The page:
Only in the weeks to come did we discover that we had witnessed the beginning of such a devastating fire; one that ultimately burned 371 square miles and took three weeks to contain.
A week later I sat atop the Sorcerer at The Needles in Sequoia National forest. I had just completed a climbing route that had eluded me many years before. It was also the same route where my partner had lost a friend when he attempted to lower off an anchor with an incomplete knot and fell to his death. I was exhaling my own relief at having put this route behind me when I looked up to see the first white puffs of smoke to the north. The Kern River basin was on fire.
In the course of a couple of hours we spotted three regions of fire and planes were dropping pink spray like mad. The Fish fire, as it was later named, grew to about 4 square miles while satellite fires flared around it. From our line of sight about 10 miles away, we could see flames crowning out in the giant trees and shooting hundreds of feet in the air. Again, by morning only wisps of white smoke trailed up from the fire, but the entire upper Kern basin was filled with thick white smoke. It resembled paintings I’ve seen of southern China where high mountains are visible peeking out from misting waters below, except, this wasn’t misting water, it was smoke.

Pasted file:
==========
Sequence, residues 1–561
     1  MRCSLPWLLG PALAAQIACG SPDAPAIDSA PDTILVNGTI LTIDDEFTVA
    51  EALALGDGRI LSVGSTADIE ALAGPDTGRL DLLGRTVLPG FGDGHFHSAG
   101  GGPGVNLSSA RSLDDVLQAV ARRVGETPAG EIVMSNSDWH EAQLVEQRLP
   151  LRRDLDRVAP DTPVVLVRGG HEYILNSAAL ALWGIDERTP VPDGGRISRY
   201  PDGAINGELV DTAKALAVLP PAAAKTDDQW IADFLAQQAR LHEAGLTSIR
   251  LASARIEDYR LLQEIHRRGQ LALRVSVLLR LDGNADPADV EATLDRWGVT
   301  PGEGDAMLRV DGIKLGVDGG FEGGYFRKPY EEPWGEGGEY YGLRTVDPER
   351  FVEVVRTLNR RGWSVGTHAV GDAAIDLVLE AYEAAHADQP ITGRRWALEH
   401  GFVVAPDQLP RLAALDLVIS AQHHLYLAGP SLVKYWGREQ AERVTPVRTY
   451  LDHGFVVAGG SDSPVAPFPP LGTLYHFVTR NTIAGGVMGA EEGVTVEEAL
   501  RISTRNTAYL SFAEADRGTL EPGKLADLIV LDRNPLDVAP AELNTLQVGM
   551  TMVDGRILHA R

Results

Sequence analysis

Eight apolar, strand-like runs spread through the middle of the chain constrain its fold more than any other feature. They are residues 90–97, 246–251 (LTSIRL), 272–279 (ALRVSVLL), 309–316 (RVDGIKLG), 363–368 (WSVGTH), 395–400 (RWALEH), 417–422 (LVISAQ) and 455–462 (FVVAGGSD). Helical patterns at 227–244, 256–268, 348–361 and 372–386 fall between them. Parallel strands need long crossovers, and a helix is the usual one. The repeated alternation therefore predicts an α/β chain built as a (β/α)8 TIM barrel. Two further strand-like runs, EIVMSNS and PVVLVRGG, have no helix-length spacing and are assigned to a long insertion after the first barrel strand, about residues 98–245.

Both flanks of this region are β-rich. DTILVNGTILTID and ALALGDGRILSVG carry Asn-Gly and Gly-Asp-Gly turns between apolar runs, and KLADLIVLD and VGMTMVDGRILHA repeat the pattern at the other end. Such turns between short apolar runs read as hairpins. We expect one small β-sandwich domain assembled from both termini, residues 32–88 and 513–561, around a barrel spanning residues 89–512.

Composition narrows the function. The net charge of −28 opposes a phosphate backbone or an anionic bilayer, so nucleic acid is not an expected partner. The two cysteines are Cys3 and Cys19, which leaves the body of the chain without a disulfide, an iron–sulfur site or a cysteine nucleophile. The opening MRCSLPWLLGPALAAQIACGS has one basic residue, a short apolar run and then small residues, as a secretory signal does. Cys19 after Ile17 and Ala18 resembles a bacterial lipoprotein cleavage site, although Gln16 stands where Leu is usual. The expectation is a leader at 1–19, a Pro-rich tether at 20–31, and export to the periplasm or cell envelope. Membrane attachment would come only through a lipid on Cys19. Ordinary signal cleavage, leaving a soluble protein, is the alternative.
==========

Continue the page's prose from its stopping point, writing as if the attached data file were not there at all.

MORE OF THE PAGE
A couple of days after returning to Santa Cruz a fire started in my home county. The coincidences of my presence at the ignition of fires did not feel strange to me. It felt like an extension of my own passions that couldn’t find their way out. I didn’t look at them so much as destructive as purifying and energizing.